● Businesses, like individuals, are relational, and operate in a moral context
● The purpose of a business is to serve the public
● Government could stimulate a boom in the social economy
In the previous post (Proposition 6) I argued that the doctrine of economic mobility and ‘spatial blindness’ (the free movement of labour and capital, and the supposed neutrality of government about where to spend public money) has created a regionally unequal society, harming both the supposed beneficiaries in the economic hotspots as well as those in the places ‘left behind’.
Economic mobility is predicated on Adam Smith’s famous ‘invisible hand’, the magic of the market which arranges the provision of goods and services to the people who need them without a central organising mind. Yet as Smith was the first to say, markets depend on the moral sentiments of the people who inhabit them. Culture, not state power, is the organising mind that enables the invisible hand to work.
Labour operates in a moral context. We expect – or should expect – individuals to make ethical decisions about where to work and what to do, balancing family obligations and self-interest, and conducting themselves well towards colleagues, customers and the wider community. Capital needs a moral framework too.
The legal system recognises this. A business, being ‘incorporated’ – which means ‘embodied’, become a body – is a legal entity with many of the rights and obligations of a human being. A human being, as I have argued in the introductory post (Proposition 1), is essentially relational. We exist as individuals because we belong to a wider group, which gives us identity, safety and freedom. The same goes for businesses. They are not, or should not be, rootless wanderers, scavenging the fruits of civilisation. They are, or should be, connected with the people and situated in the places that bore them. They have obligations to their neighbours, whose work has made them possible. Most of all, they exist – as individuals do – for virtue, with a purpose beyond themselves.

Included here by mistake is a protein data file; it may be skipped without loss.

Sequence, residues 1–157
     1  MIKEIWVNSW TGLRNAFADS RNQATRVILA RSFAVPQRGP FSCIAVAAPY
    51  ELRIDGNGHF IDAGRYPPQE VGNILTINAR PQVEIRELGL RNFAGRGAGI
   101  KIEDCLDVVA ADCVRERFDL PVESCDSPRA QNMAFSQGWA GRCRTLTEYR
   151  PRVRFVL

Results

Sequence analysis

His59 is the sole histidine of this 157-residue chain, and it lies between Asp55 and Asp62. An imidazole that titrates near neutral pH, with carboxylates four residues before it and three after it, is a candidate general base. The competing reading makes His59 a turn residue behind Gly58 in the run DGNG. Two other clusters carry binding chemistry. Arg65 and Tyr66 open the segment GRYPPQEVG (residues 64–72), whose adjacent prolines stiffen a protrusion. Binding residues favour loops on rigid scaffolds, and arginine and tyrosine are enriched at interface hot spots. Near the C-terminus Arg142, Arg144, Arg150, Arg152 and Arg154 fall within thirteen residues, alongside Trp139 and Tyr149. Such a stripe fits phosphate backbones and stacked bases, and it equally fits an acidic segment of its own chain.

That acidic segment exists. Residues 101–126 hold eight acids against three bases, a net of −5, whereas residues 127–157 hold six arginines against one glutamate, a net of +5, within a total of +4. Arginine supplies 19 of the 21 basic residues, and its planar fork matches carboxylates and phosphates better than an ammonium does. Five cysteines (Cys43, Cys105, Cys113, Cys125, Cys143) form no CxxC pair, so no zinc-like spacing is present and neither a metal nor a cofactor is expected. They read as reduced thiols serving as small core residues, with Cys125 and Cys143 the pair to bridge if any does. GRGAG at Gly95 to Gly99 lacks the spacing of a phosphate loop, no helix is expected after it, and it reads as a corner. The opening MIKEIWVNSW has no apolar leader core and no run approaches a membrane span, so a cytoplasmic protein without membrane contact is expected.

The purpose of a business is to serve the public with what it wants or needs. Profits are a sign this purpose has been fulfilled, and a due recompense to the people who risked their time or money to make it happen. Yet as Professor Colin Mayer has shown, in the late 20th century this idea was lost and an alternative idea adopted: that the purpose of a company is not to serve the public but to create profits for its owners. ‘The business of business’, said Milton Friedman in 1970, ‘is business.’
In most businesses, as for most of us as individuals, public and private benefit are of course deeply entwined. A company might have an entirely Friedmanite idea of purpose and yet – purely in order to maximise profits – it does the right thing by its employees, its customers and the planet. And an enterprise fixated on public purpose might easily neglect the essential requirement to run a tight ship and stay profitable, and thus do far less good in the world than its selfish rival. Yet – whether it lives up to it or not – the key consideration for any organisation is its ultimate purpose: what it is primarily for.
If more businesses determined that they exist to serve the public, that their owners have a responsibility beyond their own enrichment, a vast transformation is possible. Under the influence of this determination capital would acquire patience, that principal virtue for long-term growth and wellbeing in any person or organisation. Between the extremes of global finance houses and local charities – both equally potentially virtuous, if the purposes of both are the public good – a great ‘social economy’ would appear, including social enterprises and mission-driven businesses.
How do we stimulate the social economy? We need reforms to the Companies Act to allow a firm to register as a mission-driven business. We need to incentivise social investment – capital seeking a social or environmental as well as a financial return – through tax policy. We need public spending, possibly vie endowments, to create pools of capital to support the social economy.
Overall, we need to live better, with a less wasteful, ephemeral, throw-away economy. We need more local production (and more maintenance and refitting of the already produced) and less reliance on debt, consumption and imports. As mentioned in an earlier post (Proposition 3), we need more security of our food and energy supplies, and that means more local generation of both. We need more entrepreneurs, more artisans and inventors and innovators.